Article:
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Germany's Plan To Improve Their Immigration Strategy

Recently Hubertus Heil, minister of the federal labor office shared his plans to bring a highly demanded change and addition to the immigration system, the "Chancenkarte".


What is it and how does it work?

As the first country to establish this system, Canada is using it since 1967 and further developed it since.


The system is based on a set of points that can be achieved by fulfilling certain criteria. In Germany, the following criteria to be used for determining the final score are thought to be:

  • Age

  • Education

  • Work-Experience

  • Language Qualification/Proficiency

The more criteria an applicant fulfills the higher the end score they will achieve. It is yet to be determined what the minimum score will be in the end to pass this test.


We hope that the score will be fairly determined so that even applicants that might not fulfill some of the requirements still have a fair chance to use this system.


Why would it be important for Germany to adapt it?

Germany is experiencing a skilled labor shortage that hasn't been seen in a long time. Based on research and statistics from the Institute of Employment Research (IAB) Germany is facing a shortage of around 1.74 million vacant positions in the country, without a way to fill these by relying only on the German workforce.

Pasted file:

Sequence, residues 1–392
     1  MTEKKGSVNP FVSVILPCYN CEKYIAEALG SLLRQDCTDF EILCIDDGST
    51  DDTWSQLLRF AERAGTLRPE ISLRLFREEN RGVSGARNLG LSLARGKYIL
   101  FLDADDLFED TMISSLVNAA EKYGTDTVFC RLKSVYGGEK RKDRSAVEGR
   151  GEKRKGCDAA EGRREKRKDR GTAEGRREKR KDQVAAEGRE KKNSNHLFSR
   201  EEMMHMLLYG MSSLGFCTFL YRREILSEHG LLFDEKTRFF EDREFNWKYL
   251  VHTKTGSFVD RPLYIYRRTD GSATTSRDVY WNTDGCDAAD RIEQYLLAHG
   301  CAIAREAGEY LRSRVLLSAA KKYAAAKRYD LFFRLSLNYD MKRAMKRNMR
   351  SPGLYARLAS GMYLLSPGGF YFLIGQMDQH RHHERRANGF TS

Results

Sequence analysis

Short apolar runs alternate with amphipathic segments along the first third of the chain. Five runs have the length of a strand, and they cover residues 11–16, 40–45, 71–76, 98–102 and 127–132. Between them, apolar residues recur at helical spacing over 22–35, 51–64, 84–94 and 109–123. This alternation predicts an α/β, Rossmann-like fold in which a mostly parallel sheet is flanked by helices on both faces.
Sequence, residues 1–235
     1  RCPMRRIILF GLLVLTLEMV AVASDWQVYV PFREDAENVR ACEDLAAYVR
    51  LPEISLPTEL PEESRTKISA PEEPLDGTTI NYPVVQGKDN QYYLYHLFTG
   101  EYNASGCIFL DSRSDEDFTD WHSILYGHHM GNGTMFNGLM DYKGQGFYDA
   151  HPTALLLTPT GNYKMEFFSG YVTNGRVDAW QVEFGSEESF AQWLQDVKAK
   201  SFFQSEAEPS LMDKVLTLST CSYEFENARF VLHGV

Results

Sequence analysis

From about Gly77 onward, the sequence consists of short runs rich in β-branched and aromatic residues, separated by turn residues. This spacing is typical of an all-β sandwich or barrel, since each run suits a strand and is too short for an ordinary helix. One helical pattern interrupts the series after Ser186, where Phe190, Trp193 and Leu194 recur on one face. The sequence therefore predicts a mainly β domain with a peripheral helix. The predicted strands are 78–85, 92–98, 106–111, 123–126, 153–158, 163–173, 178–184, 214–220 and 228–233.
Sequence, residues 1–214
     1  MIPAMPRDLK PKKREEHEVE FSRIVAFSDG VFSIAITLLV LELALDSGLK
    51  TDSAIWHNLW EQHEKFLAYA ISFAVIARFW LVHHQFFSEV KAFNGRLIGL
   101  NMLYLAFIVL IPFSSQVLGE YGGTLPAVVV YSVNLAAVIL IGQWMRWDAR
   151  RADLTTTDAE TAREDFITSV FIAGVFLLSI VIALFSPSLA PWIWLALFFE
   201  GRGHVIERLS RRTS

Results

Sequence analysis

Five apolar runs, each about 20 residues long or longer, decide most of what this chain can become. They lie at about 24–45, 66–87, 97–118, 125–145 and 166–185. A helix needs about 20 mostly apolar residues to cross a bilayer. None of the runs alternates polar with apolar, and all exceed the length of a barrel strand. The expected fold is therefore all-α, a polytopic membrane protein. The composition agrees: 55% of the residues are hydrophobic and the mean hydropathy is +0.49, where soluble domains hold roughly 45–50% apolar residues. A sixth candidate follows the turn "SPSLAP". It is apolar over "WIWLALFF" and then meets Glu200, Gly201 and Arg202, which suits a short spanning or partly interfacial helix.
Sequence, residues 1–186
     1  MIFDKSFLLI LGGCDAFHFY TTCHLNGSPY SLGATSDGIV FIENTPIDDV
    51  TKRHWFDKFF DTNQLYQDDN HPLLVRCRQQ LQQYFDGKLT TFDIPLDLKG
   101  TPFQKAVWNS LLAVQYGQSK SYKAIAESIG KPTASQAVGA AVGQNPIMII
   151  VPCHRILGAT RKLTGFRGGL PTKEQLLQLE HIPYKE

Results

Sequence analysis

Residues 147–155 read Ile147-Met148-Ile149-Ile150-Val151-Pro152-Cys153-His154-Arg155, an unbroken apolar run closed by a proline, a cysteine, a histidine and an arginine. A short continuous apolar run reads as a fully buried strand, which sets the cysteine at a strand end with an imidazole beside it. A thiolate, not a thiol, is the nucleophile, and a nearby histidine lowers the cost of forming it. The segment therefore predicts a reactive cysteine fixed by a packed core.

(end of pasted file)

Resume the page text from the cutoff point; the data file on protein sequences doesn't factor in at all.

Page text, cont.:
Implementing the new immigration would be beneficial to solving two problems currently overshadowing Germany. A hard-to-grasp, overly bureaucratic system for immigrants and the skilled labor shortage.


Currently, the skilled labor force or academics can solely depend on the "Bluecard" which requires harder requirements compared to the "Chancenkarte" planned to be introduced by Hubertus Heil. The introduction of such would create a simpler, less bureaucratic, and quicker process. Thus not only making the whole immigration process easier for qualified people but also helping with the skilled labor shortage.



What else needs to change to successfully implement it?

The suggestion of minister Hubertus Heil to implement such a point based-system received praise, as well as resistance and criticism.


Part of the criticism stems from the idea that Germany not only needs a less bureaucratic system for the immigration of skilled labor force but also a more open approach when it comes to the recognition and legitimation of foreign certificates (university degrees, trainee degrees).


If a skilled and qualified immigrant can't get his degree from his home country recognized or legitimated in Germany then an easier way of immigration won't do him much good. Here we agree. Not only does Germany need to implement an easier and less bureaucratic way to immigrate into the country, but also becomes more open to foreign degrees and their recognition.


What's there to hope for?

As Germany is not known for the speed with which the local bureaucracy adapts to changes, we do hope that for this particular very important matter it will make an exception.


To fight and counter the skilled labor force deficit a new, more powerful solution needs to emerge and be adapted.


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